rates are down around 30% which is, it just doesn't make it viable. – For a lot of these producers fencing really is the last resort
to remain in sheep and wool. The impacts of dogs are so
debilitating both economically and emotionally that a lot
of people have already left the industry and as
John Chandler describes, his family made that choice
given that the impacts and the losses that it was no
longer economically viable. Nor could he tolerate any more
of the welfare implications of wild dog attacks on his livestock. We've got research that
demonstrates that dogs can move up to 600 kilometres
in four or five weeks. The only way these guys
see to get the security to protect those livestock
is to start putting up a physical barrier. And that's where the
cluster fencing comes in. They can then manage their
land and control wild dogs within that and continue to
support wild dog management through those wild dog committees
to the rest of the people in the shire that can't afford to go into those arrangements. – The fencing seems to now, to
evolve us into the next stage of control which is to eradicate
the dogs out of the area and in small areas so that
they can be controlled. Gives us a chance to manage
our grazing pressures, gives us biosecurity controls, it gives us a lot of advantages
that we never had before, lets us look after the land a lot better. (upbeat music) The best way these fences
work is to be as tight as you possibly can which this one is. And we have to stop the animals
from putting their heads through so they don't separate. Also at the bottom we have this
footer that is pretty tight that stops the animals
from burrowing underneath. 'Cause as you dig out it
just keeps rearing itself into the ground. – What we have seen is
this consequence of this cooperative approach to the
wild dog control programme is that people are more
willing to work together. So by entering into a cluster
fence means that each person only has to fence a certain
proportion of their boundary. Which then links to their
neighbouring property. And so you end up with
a number of properties, between three, and
eight, or 10 properties. What they end up with is an enclosed area where they can actually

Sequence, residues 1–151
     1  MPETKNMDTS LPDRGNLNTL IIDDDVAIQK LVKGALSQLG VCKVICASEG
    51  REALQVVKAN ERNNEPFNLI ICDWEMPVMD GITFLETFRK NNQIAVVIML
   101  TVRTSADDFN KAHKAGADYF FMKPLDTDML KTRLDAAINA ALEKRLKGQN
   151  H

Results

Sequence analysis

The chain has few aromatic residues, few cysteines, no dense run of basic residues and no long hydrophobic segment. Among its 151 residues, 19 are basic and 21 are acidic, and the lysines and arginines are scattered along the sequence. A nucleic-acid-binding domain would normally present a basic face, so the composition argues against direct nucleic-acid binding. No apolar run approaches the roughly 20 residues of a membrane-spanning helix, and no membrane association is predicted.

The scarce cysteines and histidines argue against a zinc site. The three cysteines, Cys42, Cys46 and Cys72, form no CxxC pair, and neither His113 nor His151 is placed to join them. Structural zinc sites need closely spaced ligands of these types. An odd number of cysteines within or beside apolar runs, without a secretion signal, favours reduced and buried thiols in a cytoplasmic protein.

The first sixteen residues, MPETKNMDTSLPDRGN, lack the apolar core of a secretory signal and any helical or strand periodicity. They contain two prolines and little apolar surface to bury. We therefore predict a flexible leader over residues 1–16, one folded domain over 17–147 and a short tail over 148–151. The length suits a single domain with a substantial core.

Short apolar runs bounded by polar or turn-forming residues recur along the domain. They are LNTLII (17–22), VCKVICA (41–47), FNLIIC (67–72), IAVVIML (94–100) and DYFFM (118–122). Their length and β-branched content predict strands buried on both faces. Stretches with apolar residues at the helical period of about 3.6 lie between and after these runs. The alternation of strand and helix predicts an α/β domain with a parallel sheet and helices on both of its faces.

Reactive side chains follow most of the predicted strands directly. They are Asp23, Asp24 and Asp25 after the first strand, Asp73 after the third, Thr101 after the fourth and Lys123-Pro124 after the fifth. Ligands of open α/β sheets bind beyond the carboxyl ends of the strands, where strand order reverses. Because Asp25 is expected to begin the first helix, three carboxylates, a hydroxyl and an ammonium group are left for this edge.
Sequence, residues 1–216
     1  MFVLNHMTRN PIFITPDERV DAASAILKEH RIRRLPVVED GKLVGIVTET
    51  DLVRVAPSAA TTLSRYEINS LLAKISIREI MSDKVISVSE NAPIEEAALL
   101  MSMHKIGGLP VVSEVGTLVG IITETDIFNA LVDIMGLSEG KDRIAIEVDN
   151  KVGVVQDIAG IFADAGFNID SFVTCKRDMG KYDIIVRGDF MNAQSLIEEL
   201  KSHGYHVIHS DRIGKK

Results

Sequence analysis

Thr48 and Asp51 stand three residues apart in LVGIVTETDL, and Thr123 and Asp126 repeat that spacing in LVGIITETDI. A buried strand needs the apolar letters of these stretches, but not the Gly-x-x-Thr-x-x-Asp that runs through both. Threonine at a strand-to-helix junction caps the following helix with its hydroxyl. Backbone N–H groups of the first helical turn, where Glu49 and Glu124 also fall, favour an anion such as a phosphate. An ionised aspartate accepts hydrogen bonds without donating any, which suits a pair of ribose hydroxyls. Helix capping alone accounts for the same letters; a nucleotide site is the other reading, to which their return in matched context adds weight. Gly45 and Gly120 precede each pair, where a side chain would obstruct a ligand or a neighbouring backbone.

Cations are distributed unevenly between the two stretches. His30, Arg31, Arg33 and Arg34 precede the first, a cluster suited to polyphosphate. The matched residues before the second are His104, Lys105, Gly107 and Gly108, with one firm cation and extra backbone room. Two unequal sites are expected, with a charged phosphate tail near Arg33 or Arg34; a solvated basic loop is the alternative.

have proper control over what happens inside that fence. The funding programme only
provides for half of the material per kilometre for each of those fences. Which works out to around $2750. However the cost to put
up the fencing materials and maintenance and the preparation runs to around $7000 a kilometre. And that additional cost has
to be absorbed and paid for by the producers that are in that cluster. So that decision and going
into that cluster agreement is quite a costly one. – With the role out of dog
fencing in the district, I think it's gonna be really good, not only for those people
inside, for wild dog control. They can have a better
handle on the inside. But also on the outside I think
it provides an opportunity for people to bait up
against those fences. – The cluster fencing
will actually increase the sheep numbers in the area
which means the contractor will have a continuation of work. He will be able to employ more people. We like to keep people in our town so that they can spend money in our towns and our towns evolve
into a better community. – We've already seen shearers are coming back to the district. And it really is an exciting time. And I certainly hope
that it's gonna result in more people coming to
town, bringing kids to town. And then we've got more kids in schools, more money going to all sorts of business. Yeah so it's an exciting
time I think that's for sure. – I'd go so far as to say this
is one of the most exciting infrastructure builds since people started the gapsy scheme. There's no doubt that people
are extolling the virtues of their dog exclusion fencing. – I'm really looking forward
to seeing this community striving again and seeing those producers rewarded for their effort and
handing over their property to the next generation in a
sound and sustainable manner, so that they can maintain
that thriving community approach to Western Queensland
that we all know and love. (upbeat music) (bird calls)